It was impossible to walk around certain parts of Madrid last Thursday without bumping into a former prime minister discussing his new book. In the morning, it was the ex-Socialist chief Felipe González expounding on leadership in times of crisis before a group of journalists gathered at Círculo de Bellas Artes, who really just wanted to ask him about the weekend party conference.
Then, in the afternoon, it was former conservative Prime Minister José María Aznar waxing nostalgic about his glory days of absolute majorities before a crowd of followers inside a hotel on the Castellana boulevard... and the same journalists from the morning launch were now here to press Aznar about his disagreements with Spain's current leader, Mariano Rajoy, of the Popular Party like himself.
Meanwhile, their respective publishers — Miguel Aguilar of Debate and Carlos Revés of Planeta — could barely conceal their satisfaction. Few things are left to chance in this industry, and book presentation dates are calculated down to the last detail. The more agitated the public agenda, the greater coverage the event is likely to get. And regardless of how good or bad the book is, the press will sit through the talk in order to take a headline back to the newsroom. Meanwhile, the politicians get their exposure. And the book folks get their free publicity for their product. Everyone's happy.
We are at a difficult crossroads and we want to know where we come from"
González's En busca de respuestas (or, In search of answers) and Aznar's El compromiso del poder (or, The obligations of power) are just the latest additions to a long list of political memoirs to come out this fall, such as former Socialist leader José Luis Rodríguez Zapatero's El dilema, 600 días de vértigo (or, The dilemma: 600 days of vertigo, due out on November 26), which takes a look back at the economic crisis that swept him out of office.
New books in the pipeline include Recuerdos, 40 años de servicio público (or, Memoirs, 40 years of public service), by former Economy Minister Pedro Solbes; La España que soñé (or, The Spain of my dreams), by former Congress speaker Fernando Álvarez de Miranda; and Contra la ceguera, 40 años de lucha por la utopía (or, Against blindness: 40 years of utopian struggle), by former Communist Party leader Julio Anguita. And that is without forgetting the fairly recently published memoirs of former high-ranking Socialists Alfonso Guerra and José Bono, which are still on bookstore shelves.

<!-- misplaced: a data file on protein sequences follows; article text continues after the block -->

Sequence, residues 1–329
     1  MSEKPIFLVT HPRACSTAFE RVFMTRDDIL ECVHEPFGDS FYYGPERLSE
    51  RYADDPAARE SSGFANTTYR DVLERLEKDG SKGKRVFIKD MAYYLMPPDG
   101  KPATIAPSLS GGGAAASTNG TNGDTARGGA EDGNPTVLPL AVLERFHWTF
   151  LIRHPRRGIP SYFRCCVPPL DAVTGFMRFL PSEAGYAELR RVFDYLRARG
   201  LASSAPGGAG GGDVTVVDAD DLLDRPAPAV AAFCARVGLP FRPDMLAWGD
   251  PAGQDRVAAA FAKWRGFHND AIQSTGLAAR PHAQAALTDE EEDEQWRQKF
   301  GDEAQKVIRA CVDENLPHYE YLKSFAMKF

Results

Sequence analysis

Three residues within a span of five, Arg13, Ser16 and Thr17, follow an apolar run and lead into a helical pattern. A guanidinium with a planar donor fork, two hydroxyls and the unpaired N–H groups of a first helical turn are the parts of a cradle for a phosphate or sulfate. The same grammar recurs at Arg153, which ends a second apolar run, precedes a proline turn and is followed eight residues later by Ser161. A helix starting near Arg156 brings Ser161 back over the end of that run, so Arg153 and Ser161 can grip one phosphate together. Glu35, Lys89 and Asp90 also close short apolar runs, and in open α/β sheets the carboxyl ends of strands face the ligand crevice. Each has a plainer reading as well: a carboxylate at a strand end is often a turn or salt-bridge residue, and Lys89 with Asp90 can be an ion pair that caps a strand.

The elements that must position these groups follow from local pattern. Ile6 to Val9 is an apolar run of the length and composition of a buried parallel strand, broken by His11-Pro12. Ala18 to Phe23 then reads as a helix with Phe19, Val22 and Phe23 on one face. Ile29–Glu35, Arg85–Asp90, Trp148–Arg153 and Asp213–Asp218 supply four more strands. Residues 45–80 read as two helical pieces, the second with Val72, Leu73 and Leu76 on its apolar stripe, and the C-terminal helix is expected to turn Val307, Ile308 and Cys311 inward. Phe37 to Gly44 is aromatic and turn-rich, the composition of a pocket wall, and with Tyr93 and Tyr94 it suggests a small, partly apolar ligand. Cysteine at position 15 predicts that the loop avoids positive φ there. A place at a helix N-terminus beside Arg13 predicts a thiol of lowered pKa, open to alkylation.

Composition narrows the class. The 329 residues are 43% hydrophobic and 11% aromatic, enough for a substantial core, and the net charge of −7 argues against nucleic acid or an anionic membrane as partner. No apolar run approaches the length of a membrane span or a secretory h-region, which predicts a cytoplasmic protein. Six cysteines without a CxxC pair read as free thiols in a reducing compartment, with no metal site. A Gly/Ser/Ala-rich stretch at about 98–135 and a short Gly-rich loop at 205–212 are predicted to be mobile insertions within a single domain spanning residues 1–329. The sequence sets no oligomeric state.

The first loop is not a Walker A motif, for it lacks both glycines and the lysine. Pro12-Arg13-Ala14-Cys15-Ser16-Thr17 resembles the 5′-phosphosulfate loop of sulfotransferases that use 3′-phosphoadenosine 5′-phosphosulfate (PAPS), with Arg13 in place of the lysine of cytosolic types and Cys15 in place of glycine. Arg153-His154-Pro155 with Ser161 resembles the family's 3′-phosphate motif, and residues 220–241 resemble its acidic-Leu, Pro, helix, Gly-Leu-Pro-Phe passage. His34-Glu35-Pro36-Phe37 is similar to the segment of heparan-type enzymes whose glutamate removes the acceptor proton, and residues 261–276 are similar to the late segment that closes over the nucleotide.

Together, all of these books make up an astonishing fall collection of reminiscences by political patriarchs. The question is whether there will be a market for them, considering the deep crisis in non-fiction and the opinion polls that show people's disaffection, bordering on outright contempt, for their political leaders.
"This is what I call competitive programming," joked Felipe González wryly about the coincidence of his and Aznar's launches. The comment drew laughter from an audience whose members were teenagers, children or had not even been born yet when González first took office in 1982. But Isabel Burdiel, winner of the 2011 National History Award, believes that despite the widespread disaffection for today's politicians, there is a growing interest for the main characters of the Transition, the period between Franco's death in 1975 and the consolidation of democracy.
"All this is making a comeback because we are at a very difficult crossroads and we want to know where we come from, and how people addressed the challenges of the era, to see whether their solutions might be useful today. Time has brought stature to those characters. At a time of political gridlock, we long for those days of national consensus," Burdiel argues.
But Julián Casanova, a professor of contemporary history, is certainly in no rush to read Aznar or Zapatero's memoirs, although he will, eventually. "The genre lacks great figures in Spain. They tend to be flat, trite, lacking substance, and what's worse, boring. They're a combination of 'I was there,' 'I did what I had to do' and 'This is what should be done' in order to cleanse their own image and settle their scores with the past," he says, before adding. "Even so, they are valuable to a historian. Better to have bad memoirs than none at all."